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Fishermen Ask Who’s in Charge, Gov’t or BP

BOOTHVILLE, La. (CN) - In a Plaquemines Parish town hall meeting Tuesday, a Coast Guard representative downplayed the environmental consequence of the British Petroleum oil spill and was immediately challenged by a fisherman who wanted to know why the U.S. government is carrying water for BP. "Where the heck does that even come from in the United States that corporations are going to dictate to the government what they're not going to do and what they will do?" said the boat captain.

"The fact is," Coast Guard Representative Edward Stanton said, "the Coast Guard in Louisiana has been cleaning up oil out of the marshes for decades. I don't consider this an environmental disaster," he added. "But it is an economic disaster."

Stanton said the Coast Guard has been doing the very best job it can and promised to continue working hard. "We're doing the best we can, and we'll do better. We will do better," Stanton said.

BP's oil rig the Deepwater Horizon exploded April 20, killing 11 people and wounding 17 others. Since then, millions of gallons of crude have poured into the Gulf of Mexico, possibly eclipsing each week the 11 million gallons spilled during the 1989 Exxon Valdez disaster. A week ago, the first of the thick, black oil made landfall in the outer reaches of Plaquemines and other parishes, and has so far inundated 70 miles of Louisiana coastline.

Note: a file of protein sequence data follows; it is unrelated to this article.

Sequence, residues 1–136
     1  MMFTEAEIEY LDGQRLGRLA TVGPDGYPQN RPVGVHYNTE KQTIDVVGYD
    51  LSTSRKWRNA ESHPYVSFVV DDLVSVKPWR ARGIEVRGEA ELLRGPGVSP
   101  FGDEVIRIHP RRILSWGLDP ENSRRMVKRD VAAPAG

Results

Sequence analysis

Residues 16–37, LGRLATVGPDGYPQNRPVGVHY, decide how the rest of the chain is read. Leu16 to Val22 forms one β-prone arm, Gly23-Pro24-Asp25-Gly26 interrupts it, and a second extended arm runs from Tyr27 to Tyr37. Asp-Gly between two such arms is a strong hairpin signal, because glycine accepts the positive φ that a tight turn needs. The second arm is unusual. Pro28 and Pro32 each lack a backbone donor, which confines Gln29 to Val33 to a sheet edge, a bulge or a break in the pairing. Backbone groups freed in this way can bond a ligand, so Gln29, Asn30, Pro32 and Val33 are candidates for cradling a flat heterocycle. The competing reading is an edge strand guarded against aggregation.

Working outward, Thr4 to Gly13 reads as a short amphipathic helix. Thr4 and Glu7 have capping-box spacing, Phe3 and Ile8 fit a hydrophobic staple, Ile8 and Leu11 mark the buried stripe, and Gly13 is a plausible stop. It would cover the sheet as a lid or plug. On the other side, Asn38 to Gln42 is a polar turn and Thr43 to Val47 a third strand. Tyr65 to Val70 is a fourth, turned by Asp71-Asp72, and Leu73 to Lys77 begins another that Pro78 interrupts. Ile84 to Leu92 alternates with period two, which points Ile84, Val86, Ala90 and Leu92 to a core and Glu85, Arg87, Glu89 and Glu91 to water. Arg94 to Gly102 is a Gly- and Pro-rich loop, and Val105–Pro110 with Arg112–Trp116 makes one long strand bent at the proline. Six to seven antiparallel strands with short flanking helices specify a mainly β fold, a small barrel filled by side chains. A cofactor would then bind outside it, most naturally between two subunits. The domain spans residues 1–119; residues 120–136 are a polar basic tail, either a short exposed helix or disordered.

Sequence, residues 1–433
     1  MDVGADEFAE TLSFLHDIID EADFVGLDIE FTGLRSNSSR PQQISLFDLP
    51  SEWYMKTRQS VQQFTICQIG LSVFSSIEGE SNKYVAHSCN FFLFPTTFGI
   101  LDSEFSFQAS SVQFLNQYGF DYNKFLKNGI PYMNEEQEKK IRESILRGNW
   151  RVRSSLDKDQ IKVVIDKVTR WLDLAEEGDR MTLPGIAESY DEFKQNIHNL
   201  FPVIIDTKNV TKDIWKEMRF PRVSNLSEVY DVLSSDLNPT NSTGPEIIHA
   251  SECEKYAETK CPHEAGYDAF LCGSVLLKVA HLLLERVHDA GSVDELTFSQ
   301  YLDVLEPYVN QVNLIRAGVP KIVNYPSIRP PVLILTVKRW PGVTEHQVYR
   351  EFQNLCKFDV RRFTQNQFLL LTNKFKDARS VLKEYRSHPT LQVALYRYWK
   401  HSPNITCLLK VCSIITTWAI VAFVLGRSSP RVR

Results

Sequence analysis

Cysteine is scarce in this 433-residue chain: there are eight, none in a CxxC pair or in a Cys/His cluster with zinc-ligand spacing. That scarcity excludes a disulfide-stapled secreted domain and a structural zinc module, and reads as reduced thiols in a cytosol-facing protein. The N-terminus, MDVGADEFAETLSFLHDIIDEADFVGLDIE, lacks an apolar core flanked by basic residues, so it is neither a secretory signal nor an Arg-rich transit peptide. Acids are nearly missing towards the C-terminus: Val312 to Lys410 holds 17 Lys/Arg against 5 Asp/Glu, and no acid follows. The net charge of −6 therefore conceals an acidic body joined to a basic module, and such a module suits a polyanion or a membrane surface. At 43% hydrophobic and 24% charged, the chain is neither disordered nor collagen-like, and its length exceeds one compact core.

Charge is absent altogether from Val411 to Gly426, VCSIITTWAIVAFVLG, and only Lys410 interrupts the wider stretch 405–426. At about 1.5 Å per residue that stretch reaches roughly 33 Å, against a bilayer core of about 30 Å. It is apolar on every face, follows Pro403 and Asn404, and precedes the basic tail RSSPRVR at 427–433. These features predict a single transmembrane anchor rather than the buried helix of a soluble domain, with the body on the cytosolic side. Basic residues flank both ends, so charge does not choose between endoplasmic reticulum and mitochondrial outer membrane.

Fishermen all along Louisiana's coastal parishes have had to kill their fishing operations as the oil continues to spew, leaving them without possibility for income from fishing along the Louisiana coast for what could potentially be decades, especially if the dispersant BP continues to use in heavy quantities is as toxic as critics fear. Corexit, of which BP has been using two varieties, is actually banned in BP's home nation, the United Kingdom, because of its toxicity.

Stanton assured parish residents that while it might not look on TV like the Coast Guard is working like crazy to clean up the spilled oil, actually there are 145 people working to clean the coast.

He said there is always a delay once the initial cleanup assessment report has been written because they "always have to be careful about sensitive archaeological and historical cleanup," and that an archaeologist has to come in to approve the cleanup efforts.

Stanton said that if there is water around the roots of plants otherwise covered in oil, then they are okay and can even sit for some time in the oily water.

In closing, Stanton promised that the "Coast Guard will make sure BP pays and cleans it up."

"You all have gotten an awful lot of high-level attention," he told the crowd. "You deserve high-level attention."

Plaquemines Parish President Billy Nungesser called the town meeting so fishermen could have the chance to speak with officials from the Coast Guard and BP face-to-face, and to give parish residents an opportunity to voice their concerns, as well as for the parish to identify the top issues currently bothering fishermen.